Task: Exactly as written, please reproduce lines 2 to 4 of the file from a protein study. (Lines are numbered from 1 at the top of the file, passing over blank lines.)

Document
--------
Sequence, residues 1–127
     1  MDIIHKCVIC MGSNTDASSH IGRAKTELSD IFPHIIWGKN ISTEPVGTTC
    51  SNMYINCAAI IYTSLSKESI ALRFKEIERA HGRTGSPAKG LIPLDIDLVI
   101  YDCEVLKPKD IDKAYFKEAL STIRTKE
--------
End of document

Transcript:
     1  MDIIHKCVIC MGSNTDASSH IGRAKTELSD IFPHIIWGKN ISTEPVGTTC
    51  SNMYINCAAI IYTSLSKESI ALRFKEIERA HGRTGSPAKG LIPLDIDLVI
   101  YDCEVLKPKD IDKAYFKEAL STIRTKE